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Patients Have a New Option When Facing Chemotherapy-Induced Nausea and Vomiting

Recently approved Akynzeo prevents common side effect with a combination approach.
BY Elizabeth Whittington
PUBLISHED October 20, 2014
With 70% to 80% of patients who have cancer experiencing chemotherapy-induced nausea and vomiting (CINV), and reports of up to 40% of patients having anticipatory symptoms, the recent approval of a new anti-emetic called Akynzeo (netupitant/palonosetron) might be a welcome new supportive-care treatment for some patients.
 
The new medication could make a big difference in treating CINV, says Deborah L. Selm-Orr, an oncology nurse with Cancer Treatment Centers of America at Eastern Regional Medical Center in Philadelphia.
 
“Anticipatory CINV is when acute and delayed CINV were not adequately treated, and the patient then demonstrates a conditioned response [prior to additional treatment], much like Pavlov’s dogs,” she says. “So, it is best to treat CINV aggressively,” which could be possible because of the drug’s goal of preventing both acute and delayed CINV.
 
How Akynzeo Works
Akynzeo combines a standard anti-emetic, Aloxi (palonosetron) with a new drug called netupitant, which has been shown to prevent the side effect both immediately after chemotherapy and up to 3 days later (called the delayed phase of CINV).
 
The combination of the drugs helps prevent the side effect in two different ways.
 
“Our current understanding of pathways for nausea and vomiting includes at least 26 different chemical transmitters. At this time, we only have two distinct pathways that can be blocked: the NK1 pathway and the 5-HT3 pathway,” says Selm-Orr, who helped develop the CINV patient-care resources for the Oncology Nursing Society. “The new combination pill is a joining of blocking these two pathways.”
 
Specifically, Aloxi is a 5-HT3 receptor antagonist, which blocks the receptors in the brain and gut that trigger nausea and vomiting, while netupitant blocks the activation of the NK1 receptors in the central nervous system, preventing another signaling pathway involved in CINV.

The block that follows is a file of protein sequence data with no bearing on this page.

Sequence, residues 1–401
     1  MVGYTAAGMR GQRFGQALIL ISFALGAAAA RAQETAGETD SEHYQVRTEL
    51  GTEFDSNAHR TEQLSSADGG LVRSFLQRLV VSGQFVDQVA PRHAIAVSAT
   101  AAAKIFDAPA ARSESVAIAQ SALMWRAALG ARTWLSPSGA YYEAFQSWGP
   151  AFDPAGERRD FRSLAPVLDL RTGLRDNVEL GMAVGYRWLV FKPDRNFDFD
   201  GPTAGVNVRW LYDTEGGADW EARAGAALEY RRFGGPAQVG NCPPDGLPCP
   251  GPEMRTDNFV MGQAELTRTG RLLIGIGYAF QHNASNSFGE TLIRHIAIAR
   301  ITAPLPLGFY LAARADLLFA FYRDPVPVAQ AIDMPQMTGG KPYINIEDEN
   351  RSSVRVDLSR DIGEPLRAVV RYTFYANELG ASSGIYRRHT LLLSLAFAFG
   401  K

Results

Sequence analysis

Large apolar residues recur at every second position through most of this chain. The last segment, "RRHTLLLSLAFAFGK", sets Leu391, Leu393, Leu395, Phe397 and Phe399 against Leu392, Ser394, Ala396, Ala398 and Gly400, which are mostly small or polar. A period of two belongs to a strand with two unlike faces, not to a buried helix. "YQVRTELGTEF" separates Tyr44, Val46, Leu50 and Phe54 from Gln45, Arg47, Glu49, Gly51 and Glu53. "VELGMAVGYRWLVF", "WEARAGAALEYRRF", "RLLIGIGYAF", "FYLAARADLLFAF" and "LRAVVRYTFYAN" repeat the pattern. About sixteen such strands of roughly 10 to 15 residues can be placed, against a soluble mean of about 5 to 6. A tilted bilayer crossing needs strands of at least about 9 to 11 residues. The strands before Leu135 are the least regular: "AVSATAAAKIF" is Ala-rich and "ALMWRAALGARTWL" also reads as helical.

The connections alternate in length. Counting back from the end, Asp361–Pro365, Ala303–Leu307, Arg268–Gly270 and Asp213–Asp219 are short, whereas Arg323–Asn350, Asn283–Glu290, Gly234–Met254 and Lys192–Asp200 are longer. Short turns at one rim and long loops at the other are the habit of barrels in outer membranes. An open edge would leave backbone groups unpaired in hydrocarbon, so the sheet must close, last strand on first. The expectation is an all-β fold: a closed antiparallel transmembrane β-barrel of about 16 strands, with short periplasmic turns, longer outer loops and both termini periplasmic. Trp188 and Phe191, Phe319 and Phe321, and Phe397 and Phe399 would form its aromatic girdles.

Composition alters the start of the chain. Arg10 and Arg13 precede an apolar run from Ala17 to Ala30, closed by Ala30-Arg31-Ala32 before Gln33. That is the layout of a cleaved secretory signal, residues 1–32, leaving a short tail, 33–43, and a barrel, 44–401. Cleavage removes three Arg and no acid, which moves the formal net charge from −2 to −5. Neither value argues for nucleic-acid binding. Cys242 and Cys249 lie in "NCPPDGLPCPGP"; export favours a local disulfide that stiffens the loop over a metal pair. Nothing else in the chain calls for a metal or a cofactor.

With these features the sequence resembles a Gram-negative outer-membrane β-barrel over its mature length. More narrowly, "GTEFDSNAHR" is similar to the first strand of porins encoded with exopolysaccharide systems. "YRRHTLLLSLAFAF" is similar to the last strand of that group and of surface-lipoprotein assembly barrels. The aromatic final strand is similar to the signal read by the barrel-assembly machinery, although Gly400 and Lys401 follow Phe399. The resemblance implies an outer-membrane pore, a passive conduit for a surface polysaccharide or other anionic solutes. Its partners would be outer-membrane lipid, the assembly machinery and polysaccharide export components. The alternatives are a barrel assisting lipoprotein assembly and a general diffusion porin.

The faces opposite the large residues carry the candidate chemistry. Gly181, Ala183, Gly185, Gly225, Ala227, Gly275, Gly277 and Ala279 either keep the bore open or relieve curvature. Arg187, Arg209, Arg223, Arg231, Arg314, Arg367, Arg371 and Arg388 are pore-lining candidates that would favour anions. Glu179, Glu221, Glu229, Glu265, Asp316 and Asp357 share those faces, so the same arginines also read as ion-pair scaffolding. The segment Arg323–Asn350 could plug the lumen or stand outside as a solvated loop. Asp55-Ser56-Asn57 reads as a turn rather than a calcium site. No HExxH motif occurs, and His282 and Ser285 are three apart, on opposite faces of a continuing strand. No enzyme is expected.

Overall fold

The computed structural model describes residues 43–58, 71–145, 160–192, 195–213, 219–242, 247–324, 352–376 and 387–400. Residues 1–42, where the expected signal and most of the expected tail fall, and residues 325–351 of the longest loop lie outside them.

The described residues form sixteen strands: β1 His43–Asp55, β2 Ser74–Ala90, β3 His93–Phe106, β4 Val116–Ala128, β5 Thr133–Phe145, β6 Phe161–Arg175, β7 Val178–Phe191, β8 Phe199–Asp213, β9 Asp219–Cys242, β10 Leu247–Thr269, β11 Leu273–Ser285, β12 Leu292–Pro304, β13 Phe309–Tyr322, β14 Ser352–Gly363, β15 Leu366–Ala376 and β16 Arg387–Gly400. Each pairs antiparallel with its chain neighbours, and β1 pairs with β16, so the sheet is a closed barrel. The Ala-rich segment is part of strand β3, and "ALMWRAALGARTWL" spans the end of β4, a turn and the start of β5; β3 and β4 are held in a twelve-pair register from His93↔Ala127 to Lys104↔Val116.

Using a combination of anti-emetic drugs to tackle different pathways involved in CINV is a strategy that has been included in treatment guidelines, but Akynzeo is the first drug that combines two different types of therapies. Physicians have long been concerned about patients adhering to their anti-emetic therapy, and one goal is that this combination treatment improves adherence and, subsequently, patients’ quality of life.

The Evidence

The Food and Drug Administration based its approval of the supportive-care drug on two clinical trials that included a combined 1720 participants. Patients in the trial were randomly assigned to receive either the combination drug of Akynzeo or Aloxi alone.

In the first of the two trials, Aloxi prevented chemotherapy-induced vomiting in the acute phase (89.7%), delayed phase (80.1%), and overall (76.5%), but Akynzeo outperformed the standard in all phases with 98.5%, 90.4%, and 89.6% of patients, respectively, not reporting vomiting or nausea that needed rescue medication.

The oral drug should be taken 1 hour before each cycle of chemotherapy, along with the steroid dexamethasone. For patients receiving cisplatin chemotherapy, which carries a high risk of CINV, dexamethasone should be given once each on days 2 and 4. Common side effects reported with Akynzeo included headache, constipation, weakness, fatigue, and indigestion. There is also a rare risk of hypersensitivity, which can result in anaphylaxis.

In the Clinic

CINV is often undertreated and can cause patients to forego or delay cancer treatment; it is considered one of the most distressing side effects for patients. One study found that up to 90% of patients who experienced CINV said it affected their quality of life.

“Acute and delayed nausea have been effectively treated when viewed globally—not just handing the patient a prescription, but looking toward addressing symptoms of taste changes, recommending complementary treatments such as acupressure, and improving overall quality of life,” says Selm-Orr.

As with any new treatment, she says there may be hesitancy on the part of doctors and insurers to use this drug first. “It will probably be incorporated into practice guidelines in the next 6 months, but more trials are needed to compare this regimen with current guidelines.”

Some patients have also expressed concern about the cost of the new supportive-care drug, as cancer-care costs continue to rise. Akynzeo has a price tag of $476 per pill, but should be covered by a patient’s insurance or Medicare plan. Another factor to consider is that because Akynzeo is an oral drug, which is more convenient for patients instead of the standard infusion, it may also directly impact patient costs via prescription-drug copays. A company representative shared that a patient assistance program is in the works for those who meet eligibility. More information will be posted at AkynzeoReimbursement.com in the near future.
 
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